Foster Family's Story
Our road to parenthood was not an easy one. Early on in our relationship, Mark and I discovered we both wanted children and were eager to fulfill the role as “mom and dad.” Soon after our wedding, I was diagnosed with PCOS, and we quickly learned that our road to parenthood would not come quickly or easily. After three years of trying, we reached out to a fertility center in Omaha and with their assistance, we conceived our daughter Ava. As a carrier of Hemophilia A, I felt great relief in having a daughter.
After Ava’s third birthday, we were ready to try for a second child, a sibling for Ava. We sought fertility assistance in Denver with a world-renowned doctor. After four IVFs and four miscarriages, we were dejected and brokenhearted and came to the realization that more children were not in the cards for us.
Three years went by, and we enjoyed our life as a family unit of three. Then one sunny day in June, I admitted to Mark that I had not felt good for several days. I blamed it on a “flu bug,” and he teased that I acted “pregnant.” I rolled my eyes at his response—how could that really be possible? To our complete shock, Mark’s joke was actually a reality and we discovered I was in fact six weeks pregnant! (Our first pregnancy conceived without fertility assistance!)
We discovered early on in the pregnancy that I was carrying a boy. Weston’s birth was a beautiful, miraculous event filled with many tears of joy and gratitude. Soon after his birth, a significant bleeding episode required an eight-day stay in the NICU. It was then he received his diagnosis of Hemophilia A.
Living in rural western Nebraska, our priority is educating ourselves, our family and caregivers in Weston’s life about Hemophilia. Hemophilia is such a rare disease that not many people know of, so bringing awareness out to our small town and to western Nebraska is a priority of mine. The Nebraska Chapter of the National Hemophilia Foundation has been instrumental in providing us with educational information and opportunities as well as networking with others. We want to give back in any way possible, so we began with organizing a satellite walk in western Nebraska. We were able to raise more than $2,000 from the Western Nebraska Hemophilia Walk as well as raise awareness about this rare disorder! We look forward to continuing to be involved with the Nebraska Chapter and networking with other families.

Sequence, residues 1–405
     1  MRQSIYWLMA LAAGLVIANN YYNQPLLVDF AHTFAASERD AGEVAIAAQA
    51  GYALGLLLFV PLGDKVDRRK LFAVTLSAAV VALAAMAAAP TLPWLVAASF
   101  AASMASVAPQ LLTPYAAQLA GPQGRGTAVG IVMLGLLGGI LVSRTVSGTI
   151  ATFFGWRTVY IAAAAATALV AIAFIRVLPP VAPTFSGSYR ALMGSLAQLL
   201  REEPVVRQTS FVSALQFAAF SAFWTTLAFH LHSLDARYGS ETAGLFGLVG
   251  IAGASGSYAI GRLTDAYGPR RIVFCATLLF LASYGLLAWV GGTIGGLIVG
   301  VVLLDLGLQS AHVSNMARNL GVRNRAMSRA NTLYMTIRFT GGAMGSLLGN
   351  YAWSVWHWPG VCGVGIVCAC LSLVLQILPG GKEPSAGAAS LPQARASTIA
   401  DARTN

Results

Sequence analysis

We are fortunate enough that Weston does not need to receive factor on a regular basis. However, with that comes a certain level of anxiety. We find ourselves continually playing the guessing game of whether we should give him factor. Our priority is to teach him to advocate for himself as he continues to get older. It will be paramount that he is in tune with his body and can communicate to us when he is experiencing a bleed. In the meantime, we watch him like a hawk, while still giving him the freedom to be a rambunctious little boy!